Gordon and Rosemary consider what to do before the horizon of the social stigma that implied being a single mother.

 

  • An indecent proposition

And the possibility of abortion arises, which she comments without conviction because she has a co-worker who knows a doctor who would do it for five pounds. (Abortionists were not yet the powerful industry that enriches the slay field and subsidizes abortion politicians.)
"-Don't be afraid! He said. Whatever happens, we're not going to do that. It's indecent!
"I know it is. But we can't have the child without being married.
-No! If that's the alternative, I'll marry you. I'd rather cut off my right hand than do something like that."
Dialogue is Orwell's first argument against abortion: personal responsibility, and in particular the father., For Gordon to get married involves looking for a normal job like the one he abandoned, from advertising, to dedicate himself writing, giving up all his dreams. But he's willing to do it if the price is to kill a human being who is also his son.
"Disgusting doctors"
After a small conversation about the future ahead, Gordon (who, Orwell explains, hugging Rosemary by the chest already "liked to think that a little further down, as a well-kept seed, his son grew"), sums up the situation:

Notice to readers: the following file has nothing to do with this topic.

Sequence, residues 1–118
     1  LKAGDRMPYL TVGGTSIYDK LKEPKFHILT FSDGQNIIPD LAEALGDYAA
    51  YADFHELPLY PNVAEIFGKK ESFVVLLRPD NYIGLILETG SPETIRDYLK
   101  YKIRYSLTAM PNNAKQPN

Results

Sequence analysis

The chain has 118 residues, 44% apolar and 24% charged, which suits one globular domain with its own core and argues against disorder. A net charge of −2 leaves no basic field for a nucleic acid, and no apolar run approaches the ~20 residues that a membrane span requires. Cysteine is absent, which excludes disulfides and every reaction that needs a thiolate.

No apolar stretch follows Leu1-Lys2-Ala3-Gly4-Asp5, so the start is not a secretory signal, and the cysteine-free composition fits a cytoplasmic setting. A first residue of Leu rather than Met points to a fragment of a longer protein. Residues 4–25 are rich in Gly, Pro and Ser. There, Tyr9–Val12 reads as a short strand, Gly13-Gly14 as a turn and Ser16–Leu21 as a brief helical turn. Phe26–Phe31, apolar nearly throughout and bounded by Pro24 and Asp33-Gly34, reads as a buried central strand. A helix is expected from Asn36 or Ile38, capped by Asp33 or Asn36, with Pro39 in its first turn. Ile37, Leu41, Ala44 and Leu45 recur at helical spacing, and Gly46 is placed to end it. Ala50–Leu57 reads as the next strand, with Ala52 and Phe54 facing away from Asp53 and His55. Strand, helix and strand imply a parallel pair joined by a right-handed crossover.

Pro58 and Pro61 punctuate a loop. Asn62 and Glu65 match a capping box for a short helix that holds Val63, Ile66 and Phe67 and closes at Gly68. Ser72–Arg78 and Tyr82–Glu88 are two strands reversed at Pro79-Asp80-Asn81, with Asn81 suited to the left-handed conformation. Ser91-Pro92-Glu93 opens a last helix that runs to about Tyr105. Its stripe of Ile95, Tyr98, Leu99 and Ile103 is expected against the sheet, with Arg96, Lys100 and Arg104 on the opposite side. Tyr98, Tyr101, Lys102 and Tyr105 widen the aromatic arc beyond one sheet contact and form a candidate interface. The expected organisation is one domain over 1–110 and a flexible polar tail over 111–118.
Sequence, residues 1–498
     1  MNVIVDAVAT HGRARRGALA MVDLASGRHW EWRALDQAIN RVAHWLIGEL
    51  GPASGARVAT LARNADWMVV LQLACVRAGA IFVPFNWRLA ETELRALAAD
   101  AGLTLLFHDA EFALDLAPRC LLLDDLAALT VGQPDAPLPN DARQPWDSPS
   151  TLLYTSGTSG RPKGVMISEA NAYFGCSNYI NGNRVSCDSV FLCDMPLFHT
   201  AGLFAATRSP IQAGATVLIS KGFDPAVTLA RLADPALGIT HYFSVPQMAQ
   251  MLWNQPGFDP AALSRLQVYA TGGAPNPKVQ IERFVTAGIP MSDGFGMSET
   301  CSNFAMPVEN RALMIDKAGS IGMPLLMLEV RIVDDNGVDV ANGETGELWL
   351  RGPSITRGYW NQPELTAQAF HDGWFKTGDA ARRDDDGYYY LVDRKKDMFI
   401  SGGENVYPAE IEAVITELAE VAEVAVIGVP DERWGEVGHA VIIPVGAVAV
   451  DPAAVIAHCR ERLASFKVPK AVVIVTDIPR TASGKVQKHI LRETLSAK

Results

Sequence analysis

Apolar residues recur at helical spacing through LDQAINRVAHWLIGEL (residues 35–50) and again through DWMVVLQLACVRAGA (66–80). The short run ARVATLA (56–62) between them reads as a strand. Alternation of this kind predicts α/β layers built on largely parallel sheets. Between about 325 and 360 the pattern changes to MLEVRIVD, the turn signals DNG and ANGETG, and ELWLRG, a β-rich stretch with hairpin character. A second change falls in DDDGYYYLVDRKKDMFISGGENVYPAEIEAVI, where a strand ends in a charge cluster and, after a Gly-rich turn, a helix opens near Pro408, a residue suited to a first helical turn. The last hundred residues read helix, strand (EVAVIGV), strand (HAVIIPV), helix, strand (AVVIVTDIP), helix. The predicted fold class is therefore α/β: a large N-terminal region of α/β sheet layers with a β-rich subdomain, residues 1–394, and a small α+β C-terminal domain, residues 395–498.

"It all comes down to this: either I marry you and go back to New Albion [the advertising company where I worked for a good salary and from which you had said goodbye to dedicate yourself to literature and not earn a hard, n.n.], or you go to one of those disgusting doctors to whom arrange it for five pounds."

  • Mother above all else

But she doesn't like such a summary, because she gives the impression that, by telling her she was pregnant, she wanted to force her into a marriage that he didn't plan. So Rosemary clarifies things: "I'm not going to drop that decision on you. It's too much. Marry me if you want, and if you don't want to, don't. But in any case, I'm going to have the child."
Orwell's second argument: behind the responsibility of the father, that of the mother. If Gordon is willing to give up his dreams rather than kill his son, Rosemary is willing to face social rejection rather than commit that crime.

  • Nine weeks

The following paragraphs of Don't Die aspidistra continue Gordon's elocutions about the new crossroads that arise in his life once they have decided that, above all, they will respect their son's life.
Until, just as he passed a public library, he repairs that he knows very little "about what was going on in Rosemary's body at the time": "I only had vague and general ideas of what pregnancy means."